The combination of a stronger U.S. dollar, weak economic
numbers, and negative comments from Fed officials yesterday, led to
the worst one-day decline in the Dow Jones Industrial Average (
) since Feb. 23. And selling became more intense when it became
clear that stocks would again turn away from the psychologically
important Dow 11,000 level.
Weak economic activity in the euro zone in Q4 led to a flight to
the dollar and gold yesterday. And continued concern over Greece's
ability to finance its debt added to the rush to buy dollars.
Greece said its 2009 deficit would be slightly higher than
forecast, and sellers drove the country's 10-year bonds to their
highest levels in more than 10 years.
Fed Chairman Bernanke warned that, "the U.S. must start to
prepare for challenges posed by an aging population with a credible
plan to gradually reduce a soaring public debt" (Wall Street
Journal). Bernanke was quoted as saying that, "the U.S. will
ultimately have to decide between raising taxes, cutting Social
Security or Medicare, or less spending on everything from education
The market pullback picked up momentum following these comments
and data from the Fed showing that consumer borrowing fell $11.5
billion in February, which was much less than expected. More than
two-thirds of the economy is dependent upon consumer spending, so
improvements must come from that sector if the economy is to
) fell 2.1% following a 19% drop in fiscal Q2 earnings. But gold
stocks were strong with Barrick Gold Corp. (
), Goldcorp (
) and IAMGOLD Corp. (
) all posting sharp gains.
At the close, the Dow was down 72 points to 10,898, the S&P
) lost 7 points to 1,182, and the Nasdaq (
) fell 6 points to 2,431.
Downside volume on both major exchanges picked up moderately
with the NYSE trading 1.2 billion shares and the Nasdaq trading 693
million shares. Decliners were ahead of advancers by about 9-to-5
on the NYSE and 7-to-6 on the Nasdaq.
May crude oil fell 96 cents to $85.88 a barrel, and the Energy
Select Sector SPDR (
) lost 59 cents, closing at $58.99.
Gold for June delivery gained $17 to settle at $1,153 an ounce,
and the PHLX Gold/Silver Sector Index (
) gained 3.47 points to 176.05.
What the Markets Are Saying
Yesterday's selling was a reaction to unfavorable economic news
in a stock market that is very overbought. Technically, it was not
a major reversal, but if downside volume picks up and the indices
close below the 20-day moving averages of the major indices, stocks
will probably be in for a serious correction.
Here are the levels of the 20-day moving averages:
Dow -- 10,800.86
S&P 500 -- 1,167.05
Nasdaq -- 2395.25.
Now I'd like to pick up where we left off
in our discussion of gold.
For thousands of years, gold and other precious metals have been
the "safe haven" in time of economic, political and social unrest.
In times of war and international instability, and when currencies
lose value or inflation robs investors of their buying power, gold
has always held its own and most often even appreciated.
There are four ways to buy gold:
1. Bullion (bars)
3. Mining companies' stocks
4. Mutual funds or exchange-traded funds (
Bullion participates directly in the price of gold, but can be
illiquid and expensive to own. Storage, carrying charges, and
commission rule out bullion for all but the wealthiest
Coins are a choice if the investor wants to physically hold his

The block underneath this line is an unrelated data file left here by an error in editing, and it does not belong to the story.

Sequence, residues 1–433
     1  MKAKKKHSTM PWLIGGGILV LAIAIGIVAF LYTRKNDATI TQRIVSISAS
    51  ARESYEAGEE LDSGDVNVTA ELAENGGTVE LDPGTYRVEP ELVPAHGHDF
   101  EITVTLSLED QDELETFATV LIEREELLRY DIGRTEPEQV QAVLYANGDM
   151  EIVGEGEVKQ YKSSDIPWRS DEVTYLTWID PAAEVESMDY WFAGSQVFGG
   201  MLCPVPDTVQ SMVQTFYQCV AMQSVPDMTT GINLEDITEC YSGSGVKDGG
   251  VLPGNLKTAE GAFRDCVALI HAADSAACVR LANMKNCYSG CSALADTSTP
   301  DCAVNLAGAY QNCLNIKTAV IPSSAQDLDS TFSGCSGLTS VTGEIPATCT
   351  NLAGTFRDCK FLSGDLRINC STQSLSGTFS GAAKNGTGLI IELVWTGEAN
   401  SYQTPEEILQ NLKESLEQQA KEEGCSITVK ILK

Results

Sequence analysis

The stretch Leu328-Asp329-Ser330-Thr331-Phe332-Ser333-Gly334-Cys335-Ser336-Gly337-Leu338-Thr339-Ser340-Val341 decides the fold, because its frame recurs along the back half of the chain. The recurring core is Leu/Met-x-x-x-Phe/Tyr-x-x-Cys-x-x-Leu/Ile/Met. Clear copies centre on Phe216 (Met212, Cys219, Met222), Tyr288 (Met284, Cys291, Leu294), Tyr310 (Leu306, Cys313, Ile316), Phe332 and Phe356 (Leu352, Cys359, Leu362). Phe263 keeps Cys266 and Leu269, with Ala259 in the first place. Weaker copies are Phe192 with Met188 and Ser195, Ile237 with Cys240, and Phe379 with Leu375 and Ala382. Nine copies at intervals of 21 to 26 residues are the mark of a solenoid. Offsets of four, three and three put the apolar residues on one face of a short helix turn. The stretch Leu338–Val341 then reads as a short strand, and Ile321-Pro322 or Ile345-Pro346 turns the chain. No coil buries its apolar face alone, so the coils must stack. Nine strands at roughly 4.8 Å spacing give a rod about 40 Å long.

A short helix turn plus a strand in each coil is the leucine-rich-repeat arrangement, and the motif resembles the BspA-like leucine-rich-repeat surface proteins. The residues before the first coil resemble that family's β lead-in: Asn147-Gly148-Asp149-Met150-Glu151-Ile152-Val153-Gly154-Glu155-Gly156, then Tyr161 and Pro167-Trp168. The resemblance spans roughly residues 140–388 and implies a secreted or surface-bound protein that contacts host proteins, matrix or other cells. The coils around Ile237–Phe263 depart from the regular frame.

gold and admire the beauty of it. But owning coins can be expensive
with big spreads between buy and sell prices.
Both bullion and coins are priced to only appreciate if gold
appreciates. If gold were to remain stagnant for long periods of
time, holding charges will cost the buyers of bullion and
In my opinion, common stocks of the world's largest mining
companies are a good choice for owning an asset that appreciates
with the price of gold. The stocks are not only liquid (they trade
like any other stock), but the owner participates in the profits of
the company, and the best companies also pay dividends, which when
compounded over the lifetime of the investment, provide a superior
return to owning either the metal or coins.
The stocks of gold mining companies will often appreciate faster
than the price of gold itself due to the efficiencies of the mining
operation. But the reverse can also be true, i.e., when gold
declines, the mining stocks often fall faster than the price of
bullion. In addition, there is the company risk that comes with
owning any stock. In the case of mining companies it could be
mining disasters, poor management, and other unforeseen conditions
that could inject volatility into the price structure of the
In the past decade, another form of stock ownership of gold has
taken the lion's share of investors' attention, and for good
reason. Gold and precious metals funds, both mutual funds and ETFs,
provide a direct participation in the operations of the world's
best managed mines. Thus, the risk of a disaster in one mine is
mitigated by the diversity offered by the fund. And dividends are
pooled and paid to investors or reinvested, providing for a type of
dollar-cost-averaging. The cost of managing the funds is usually
low, and the initial cost is no more than a standard stock
According to Jim Cramer, "When people think about what
percentage of their portfolio should be insurance, they should
think maybe 20% and do it with a gold stock.
See our Trade of the Day for an ETF that has met
the test of time.
Today's Trading Landscape
Earnings to be reported before the opening
International Speedway, Pier 1 Imports and RPM.
Economic reports due: chain store sales, jobless claims (the
consensus expects 436,000), RBC CASH Index, EIA natural gas report,
Fed balance sheet and money supply.
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